Cleveland Ballet performs Balanchine-choreographed ‘Serenade’ and premieres ‘Symphony of Life’
Cleveland Ballet will close its season at Playhouse Square with two noteworthy, one-act performances – “Serenade” and the world premiere of “Symphony of Life” – at 7 p.m., April 21-22.

Cleveland Ballet dancers practice George Balanchine's choreography to Pytor Tchaikovsky's 'Serenade.' (Photo by New Image Photography) Serenade Choreography by George Balanchine © The George Balanchine Trust

CLEVELAND, Ohio – Cleveland Ballet will close its Playhouse Square season with two noteworthy, one-act performances – “Serenade” and the world premiere of “Symphony of Life” – at 7 p.m., April 21-22.

Both will be accompanied by the newly created Cleveland Ballet Orchestra, a diverse group of 25 talented musicians from around the nation - many from Northeast Ohio.

“Serenade,” composed by Pyotr Ilyich Tchaikovsky and choreographed by the legendary George Balanchine, is a historically notable presentation. It was the first performance choreographed by the master for the School of American Ballet.

Related: The Cleveland Ballet debuts a new orchestra at season finale in April

Balanchine is noteworthy as the father of American ballet and a founder of the neoclassical style. His work is characterized by plotless ballets with sparse costuming and décor. He was known to choreograph for the music, not the story.

“We were ecstatic to get ‘Serenade.’ It was his first work here in America. It’s historical,” says Gladisa Guadalupe, artistic director and co-founder of the eight-year-old Cleveland Ballet. “It’s so important for companies. For me, it’s very special.”

“Balanchine is the master of American ballet. When he left his country and came to USA, he created a new style of ballet. It’s timeless. He was ahead of his time. He knew how to use a body in different ways, shapes, and forms.,” she says. “He’s part of the history of ballet. Every company desires to have his work. Originally it was just for the New York City Ballet. Slowly other companies inquired, only a selective few started getting permission.

“To have a Balanchine work in your repertoire is to say you have made it,” she says. “It’s credibility. For us to bring this year was phenomenal.”

Bringing Balanchine’s work to Cleveland required the creation of an orchestra. “When we started doing the talks with the George Balanchine Trust, they highly recommended that we do this piece with an orchestra. So, that’s where we are today.”

The second piece, “Symphony of Life,” was created by Israeli composer Anna Segal and choreographed by Ilia Zhivoi. This work marks Cleveland Ballet’s first commissioned musical score and the second ballet performed with a live orchestra.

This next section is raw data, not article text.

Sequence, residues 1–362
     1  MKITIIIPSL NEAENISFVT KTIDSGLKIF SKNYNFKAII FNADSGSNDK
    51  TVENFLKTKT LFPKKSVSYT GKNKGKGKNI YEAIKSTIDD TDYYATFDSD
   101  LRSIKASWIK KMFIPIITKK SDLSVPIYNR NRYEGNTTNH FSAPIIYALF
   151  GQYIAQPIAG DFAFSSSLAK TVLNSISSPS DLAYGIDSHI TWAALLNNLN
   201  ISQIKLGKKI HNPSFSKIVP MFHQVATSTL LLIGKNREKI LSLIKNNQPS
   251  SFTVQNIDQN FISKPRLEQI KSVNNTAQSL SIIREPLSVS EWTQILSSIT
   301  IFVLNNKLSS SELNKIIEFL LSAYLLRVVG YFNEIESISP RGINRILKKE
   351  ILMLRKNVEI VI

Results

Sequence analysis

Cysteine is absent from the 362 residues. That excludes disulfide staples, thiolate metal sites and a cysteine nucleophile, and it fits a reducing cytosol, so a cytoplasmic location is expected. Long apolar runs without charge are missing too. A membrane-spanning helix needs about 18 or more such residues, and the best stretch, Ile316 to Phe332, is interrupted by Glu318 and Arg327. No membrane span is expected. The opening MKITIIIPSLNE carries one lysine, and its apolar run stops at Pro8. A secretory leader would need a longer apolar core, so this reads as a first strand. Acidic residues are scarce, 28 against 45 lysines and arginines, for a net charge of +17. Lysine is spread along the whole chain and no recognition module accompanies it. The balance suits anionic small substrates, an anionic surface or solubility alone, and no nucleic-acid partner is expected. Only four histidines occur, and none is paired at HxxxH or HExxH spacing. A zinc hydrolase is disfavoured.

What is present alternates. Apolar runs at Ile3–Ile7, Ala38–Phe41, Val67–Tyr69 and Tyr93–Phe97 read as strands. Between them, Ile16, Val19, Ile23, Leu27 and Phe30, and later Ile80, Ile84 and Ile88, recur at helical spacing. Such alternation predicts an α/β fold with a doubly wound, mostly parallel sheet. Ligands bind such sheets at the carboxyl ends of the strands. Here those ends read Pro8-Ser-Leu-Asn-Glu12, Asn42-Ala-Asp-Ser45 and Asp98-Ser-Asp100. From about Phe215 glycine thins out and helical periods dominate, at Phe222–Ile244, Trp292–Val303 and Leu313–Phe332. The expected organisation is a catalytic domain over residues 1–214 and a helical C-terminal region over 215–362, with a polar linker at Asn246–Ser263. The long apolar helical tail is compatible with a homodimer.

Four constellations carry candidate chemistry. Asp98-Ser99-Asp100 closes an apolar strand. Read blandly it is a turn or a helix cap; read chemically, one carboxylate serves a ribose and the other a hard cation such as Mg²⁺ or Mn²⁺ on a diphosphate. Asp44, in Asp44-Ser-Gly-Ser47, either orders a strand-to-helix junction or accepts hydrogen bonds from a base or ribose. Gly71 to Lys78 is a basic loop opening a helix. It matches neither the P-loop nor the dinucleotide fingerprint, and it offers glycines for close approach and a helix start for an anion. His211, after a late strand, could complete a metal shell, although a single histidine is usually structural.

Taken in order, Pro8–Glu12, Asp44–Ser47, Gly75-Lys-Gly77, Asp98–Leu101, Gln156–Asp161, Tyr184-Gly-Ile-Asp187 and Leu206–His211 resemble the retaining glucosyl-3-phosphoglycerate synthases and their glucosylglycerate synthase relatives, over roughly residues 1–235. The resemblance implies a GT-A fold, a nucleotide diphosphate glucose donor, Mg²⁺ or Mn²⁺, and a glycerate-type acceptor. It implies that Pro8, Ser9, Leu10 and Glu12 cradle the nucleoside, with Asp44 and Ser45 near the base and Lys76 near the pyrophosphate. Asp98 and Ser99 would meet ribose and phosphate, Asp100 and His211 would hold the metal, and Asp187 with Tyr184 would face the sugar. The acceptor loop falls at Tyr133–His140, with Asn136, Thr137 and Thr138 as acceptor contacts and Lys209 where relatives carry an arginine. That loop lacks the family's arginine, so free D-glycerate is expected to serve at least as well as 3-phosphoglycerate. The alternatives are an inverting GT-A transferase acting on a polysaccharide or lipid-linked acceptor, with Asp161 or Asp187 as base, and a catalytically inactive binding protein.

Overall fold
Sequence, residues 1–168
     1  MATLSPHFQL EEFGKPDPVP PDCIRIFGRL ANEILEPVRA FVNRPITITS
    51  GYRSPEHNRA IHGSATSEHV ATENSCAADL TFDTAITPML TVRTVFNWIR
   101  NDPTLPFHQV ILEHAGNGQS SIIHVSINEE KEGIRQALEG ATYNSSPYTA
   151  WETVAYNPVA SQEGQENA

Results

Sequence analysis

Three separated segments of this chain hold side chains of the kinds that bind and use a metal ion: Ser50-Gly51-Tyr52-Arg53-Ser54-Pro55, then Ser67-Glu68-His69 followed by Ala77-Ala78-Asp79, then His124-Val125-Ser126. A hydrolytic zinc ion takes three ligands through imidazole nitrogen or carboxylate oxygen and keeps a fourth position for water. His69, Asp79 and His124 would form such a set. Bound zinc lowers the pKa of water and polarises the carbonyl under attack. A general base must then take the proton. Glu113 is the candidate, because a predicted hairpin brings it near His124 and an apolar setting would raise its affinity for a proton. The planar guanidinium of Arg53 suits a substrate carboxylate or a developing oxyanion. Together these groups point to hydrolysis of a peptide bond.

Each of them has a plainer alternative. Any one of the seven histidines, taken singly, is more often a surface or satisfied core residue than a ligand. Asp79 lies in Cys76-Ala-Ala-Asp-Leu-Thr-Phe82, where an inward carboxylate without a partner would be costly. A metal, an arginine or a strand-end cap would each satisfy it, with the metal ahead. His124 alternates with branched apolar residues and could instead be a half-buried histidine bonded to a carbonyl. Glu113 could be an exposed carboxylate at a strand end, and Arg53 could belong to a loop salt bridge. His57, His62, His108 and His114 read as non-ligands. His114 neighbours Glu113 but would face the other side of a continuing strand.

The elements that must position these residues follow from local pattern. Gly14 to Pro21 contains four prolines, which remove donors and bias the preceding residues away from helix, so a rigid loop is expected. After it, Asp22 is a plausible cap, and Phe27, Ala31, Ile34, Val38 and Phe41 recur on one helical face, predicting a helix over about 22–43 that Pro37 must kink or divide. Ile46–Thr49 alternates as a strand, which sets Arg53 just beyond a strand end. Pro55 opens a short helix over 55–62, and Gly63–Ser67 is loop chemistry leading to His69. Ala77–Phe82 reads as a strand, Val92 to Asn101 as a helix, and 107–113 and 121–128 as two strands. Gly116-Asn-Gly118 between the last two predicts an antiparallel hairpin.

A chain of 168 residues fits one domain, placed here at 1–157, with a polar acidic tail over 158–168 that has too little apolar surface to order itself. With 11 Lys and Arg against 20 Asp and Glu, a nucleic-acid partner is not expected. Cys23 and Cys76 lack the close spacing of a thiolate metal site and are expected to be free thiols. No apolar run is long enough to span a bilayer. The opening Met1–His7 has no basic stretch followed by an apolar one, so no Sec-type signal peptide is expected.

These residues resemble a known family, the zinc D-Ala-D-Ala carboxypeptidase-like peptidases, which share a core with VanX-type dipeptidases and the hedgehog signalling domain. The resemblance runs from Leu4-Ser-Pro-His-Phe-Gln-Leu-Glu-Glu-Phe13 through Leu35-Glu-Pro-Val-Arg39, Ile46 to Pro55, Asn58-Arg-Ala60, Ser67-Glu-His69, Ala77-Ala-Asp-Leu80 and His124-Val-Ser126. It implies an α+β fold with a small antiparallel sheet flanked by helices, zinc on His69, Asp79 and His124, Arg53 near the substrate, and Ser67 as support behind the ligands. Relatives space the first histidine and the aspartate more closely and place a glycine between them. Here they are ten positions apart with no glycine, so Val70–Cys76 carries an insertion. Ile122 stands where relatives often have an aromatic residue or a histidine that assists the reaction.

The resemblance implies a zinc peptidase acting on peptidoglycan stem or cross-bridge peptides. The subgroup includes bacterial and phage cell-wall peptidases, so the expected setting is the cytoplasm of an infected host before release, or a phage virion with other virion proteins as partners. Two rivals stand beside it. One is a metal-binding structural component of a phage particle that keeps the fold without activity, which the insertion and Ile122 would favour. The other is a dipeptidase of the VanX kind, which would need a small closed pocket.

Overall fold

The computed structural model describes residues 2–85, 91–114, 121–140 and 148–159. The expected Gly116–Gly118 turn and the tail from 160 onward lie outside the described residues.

Guadalupe describes it as “neoclassical” and “very European.”

“It’s about destiny,” she says, refusing to give away any plot. “You have to come see it. The male dancer is deciding his destiny.” His choices are muse or fate.

Cleveland Ballet dancers Katharine Cowan, Marla Aleyda and Emanuel Tavares practice for 'Symphony of Life.' (Photo by New Image Photography)

Emanuel Tavares, a two-year veteran of the company from Brazil, is that dancer. And he works physically hard to perform the lead.

“I love the challenge of being on the stage from the beginning to the end,” he says. “As soon as I start dancing, I don’t leave the ballet until the end. One of my first solos is my favorite.”

“I love the whole concept of the piece,” he says. “It’s nice to do a contemporary, neo-classical ballet and learn so much.”

This is the first contemporary work for Marla Aleyda, a native Clevelander who’s in her fifth year of the ballet, and one of the two female leads for “Symphony of Life.”

“It is a lot of work,” she says. “I’ve never done contemporary work before. I love ballet, but I never thought I could do contemporary work. It didn’t click with me.

“When Mr. Ilia did our audition, I thought there was no way I would be cast in it. When the casting came out, I was really shocked. The hardest part is letting go of being a ballerina for a minute and connecting emotionally with the piece more than just physically,” she says.

“For contemporary work, you have to really be able to let yourself go. There’s not as much as structure as in ballet and I’m a very structured person. It’s difficult for me to let go and move freely,” she continues.

“To make the piece speak to the audience, you have to find a piece of yourself in the character,” she notes. “Once Mr. Ilia started choreographing, I saw more of myself in the character he was developing. I can relate more to the muse as a gentle and forgiving being. I want to see more of that in myself.”

“My favorite part is really connecting to my character and finding parts I can make me.

Katharine Cowan, who’s in her fourth season with the company and hails from Seattle, enjoyed the challenges of this brand-new piece.

“It’s actually really fun to do because I’ve done a lot of younger people,” says the dancer, who is 5-foot, 2-inches tall and the other female lead. “I’m used to doing bright, springy, happy characters,” she says. “This is a fun challenge to play something a lot more serious and mature. It’s an intense character, but not scary. It’s fun to play something like that.”

“It’s been fascinating to work with this choreographer because he knows exactly what he wants from the choreography,” she says. “There’s more detail. He does contemporary ballet and has such specific details that he wants me to convey.”

Individual tickets are available through Cleveland Ballet Ticketing, at (216) 320-9000 x 107 or

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